## Assign Y

### July 3, 2015

The first solution uses arithmetic:

`(define (solve1 a b x)`

(+ (* (- 1 x) a) (* x b)))

`> (solve1 13 17 0)`

13

> (solve1 13 17 1)

17

If *x* is 0, then the second clause is 0 and the sum is *a*; if *x* is 1, then the first clause is 0 and the sum is *b*. The second solution uses an array:

`(define (solve2 a b x)`

(vector-ref (vector a b) x))

`> (solve2 13 17 0)`

13

> (solve2 13 17 1)

17

The two numbers *a* and *b* are stored in a array that is indexed by variable *x*. You can run the program at http://ideone.com/FqvamB.

In Python:

In C:

This is basically a translation of the first Python line for 64-bit data. If you’re feeling pedantic, you might declare the bit-twiddling to be both arithmetic and conditional, but it’s branch-free and technically avoids the arithmetic operators.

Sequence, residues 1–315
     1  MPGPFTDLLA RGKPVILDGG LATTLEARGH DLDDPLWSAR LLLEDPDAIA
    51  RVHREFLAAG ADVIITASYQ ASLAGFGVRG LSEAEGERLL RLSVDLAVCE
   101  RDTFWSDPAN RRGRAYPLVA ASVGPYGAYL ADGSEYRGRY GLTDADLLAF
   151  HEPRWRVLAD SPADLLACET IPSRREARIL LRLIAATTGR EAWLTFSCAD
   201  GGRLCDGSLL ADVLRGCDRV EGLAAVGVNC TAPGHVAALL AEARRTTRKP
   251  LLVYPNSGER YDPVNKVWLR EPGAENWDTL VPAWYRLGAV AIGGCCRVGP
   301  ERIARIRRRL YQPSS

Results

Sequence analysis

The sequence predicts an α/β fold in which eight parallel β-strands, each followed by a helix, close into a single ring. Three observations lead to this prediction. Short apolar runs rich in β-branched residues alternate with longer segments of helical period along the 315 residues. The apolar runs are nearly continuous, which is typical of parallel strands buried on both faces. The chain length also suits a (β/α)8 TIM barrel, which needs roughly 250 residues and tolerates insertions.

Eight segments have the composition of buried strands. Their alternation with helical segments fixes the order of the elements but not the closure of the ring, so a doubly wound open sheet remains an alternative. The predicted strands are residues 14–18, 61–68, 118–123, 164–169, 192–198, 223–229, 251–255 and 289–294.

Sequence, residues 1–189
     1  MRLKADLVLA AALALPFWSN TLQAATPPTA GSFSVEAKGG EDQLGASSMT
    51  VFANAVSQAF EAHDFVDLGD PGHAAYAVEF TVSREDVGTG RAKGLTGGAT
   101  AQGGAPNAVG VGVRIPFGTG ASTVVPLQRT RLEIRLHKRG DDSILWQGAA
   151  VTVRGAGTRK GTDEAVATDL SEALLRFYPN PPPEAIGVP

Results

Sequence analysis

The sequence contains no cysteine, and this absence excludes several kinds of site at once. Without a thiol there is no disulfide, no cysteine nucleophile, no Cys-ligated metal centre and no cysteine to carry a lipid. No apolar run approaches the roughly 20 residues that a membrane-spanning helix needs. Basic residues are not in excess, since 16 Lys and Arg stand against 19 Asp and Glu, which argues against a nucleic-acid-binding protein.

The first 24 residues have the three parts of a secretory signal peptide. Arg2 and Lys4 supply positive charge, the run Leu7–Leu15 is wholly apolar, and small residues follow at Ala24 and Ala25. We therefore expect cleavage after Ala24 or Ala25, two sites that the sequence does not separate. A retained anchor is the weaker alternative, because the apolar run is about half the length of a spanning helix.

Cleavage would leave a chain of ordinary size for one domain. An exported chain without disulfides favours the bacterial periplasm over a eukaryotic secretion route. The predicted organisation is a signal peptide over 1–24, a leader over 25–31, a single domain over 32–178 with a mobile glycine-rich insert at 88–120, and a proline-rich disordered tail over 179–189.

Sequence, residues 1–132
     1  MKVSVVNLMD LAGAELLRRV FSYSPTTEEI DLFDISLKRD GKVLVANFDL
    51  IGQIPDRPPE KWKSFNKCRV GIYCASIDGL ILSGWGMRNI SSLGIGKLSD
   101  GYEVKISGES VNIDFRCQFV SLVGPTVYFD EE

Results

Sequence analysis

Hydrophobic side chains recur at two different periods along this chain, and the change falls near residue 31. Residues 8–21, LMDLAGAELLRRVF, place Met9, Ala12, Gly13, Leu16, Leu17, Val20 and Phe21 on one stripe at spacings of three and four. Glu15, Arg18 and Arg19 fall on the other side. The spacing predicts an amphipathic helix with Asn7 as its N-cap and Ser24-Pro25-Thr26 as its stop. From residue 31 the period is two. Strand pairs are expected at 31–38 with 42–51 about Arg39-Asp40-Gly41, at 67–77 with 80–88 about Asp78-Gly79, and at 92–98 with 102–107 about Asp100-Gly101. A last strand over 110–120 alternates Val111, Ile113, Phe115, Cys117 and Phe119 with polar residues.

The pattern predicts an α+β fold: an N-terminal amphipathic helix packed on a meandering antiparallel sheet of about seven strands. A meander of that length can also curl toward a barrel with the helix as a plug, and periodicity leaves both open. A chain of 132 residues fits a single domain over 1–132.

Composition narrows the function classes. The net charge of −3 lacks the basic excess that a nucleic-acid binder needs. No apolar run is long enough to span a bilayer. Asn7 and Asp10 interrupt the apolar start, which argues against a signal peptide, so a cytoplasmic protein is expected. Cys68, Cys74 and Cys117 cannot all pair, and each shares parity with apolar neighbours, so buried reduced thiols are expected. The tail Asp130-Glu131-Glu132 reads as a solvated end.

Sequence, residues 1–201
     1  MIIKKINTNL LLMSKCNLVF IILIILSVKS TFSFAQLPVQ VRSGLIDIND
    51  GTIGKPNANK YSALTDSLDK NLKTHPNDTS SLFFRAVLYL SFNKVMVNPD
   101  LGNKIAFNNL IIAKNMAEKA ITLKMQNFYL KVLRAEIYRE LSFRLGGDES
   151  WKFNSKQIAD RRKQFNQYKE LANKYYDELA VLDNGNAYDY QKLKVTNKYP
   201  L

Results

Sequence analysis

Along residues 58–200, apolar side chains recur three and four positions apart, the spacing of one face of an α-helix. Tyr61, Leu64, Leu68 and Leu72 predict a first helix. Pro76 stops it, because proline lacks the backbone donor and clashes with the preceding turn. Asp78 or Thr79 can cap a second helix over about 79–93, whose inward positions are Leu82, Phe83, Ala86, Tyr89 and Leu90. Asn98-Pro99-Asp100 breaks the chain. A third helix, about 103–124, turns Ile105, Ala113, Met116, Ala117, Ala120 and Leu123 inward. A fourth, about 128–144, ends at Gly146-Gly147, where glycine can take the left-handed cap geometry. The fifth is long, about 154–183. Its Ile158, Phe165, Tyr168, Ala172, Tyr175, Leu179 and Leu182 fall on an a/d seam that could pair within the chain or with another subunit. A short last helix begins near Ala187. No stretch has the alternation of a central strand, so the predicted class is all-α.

In Racket:

The arithmetic solution uses modular addition on x to determine the coefficients of a and b. The resulting terms are added to produce b.

The non-arithmetic solution uses logical operators.

I can’t decide if this is cheating or not. Both a and b get assigned to

something, which might not be the intended outcome.“`

vars = [nil, nil]

vars[x] = y

a, b = vars

“`

Is it okay to answer that the problem is under specified? What if x isn’t 0 or 1? ;-)

@MIke:

xmust be either 0 or 1. I’ve changed the problem statement to make that explicit.I derived a formula ((a**(1-x)/b**x)**(1-2*x)) that assigns a or b to y depending on x:

def assign_y(x, a, b):

y = int((a**(1-x)/b**x)**(1-2*x))

return y

if __name__ == “__main__”:

print(assign_y(0, 3, 2))

print(assign_y(1, 3, 2))

Results:

3

2

As for the second part of the question; not a franking clue.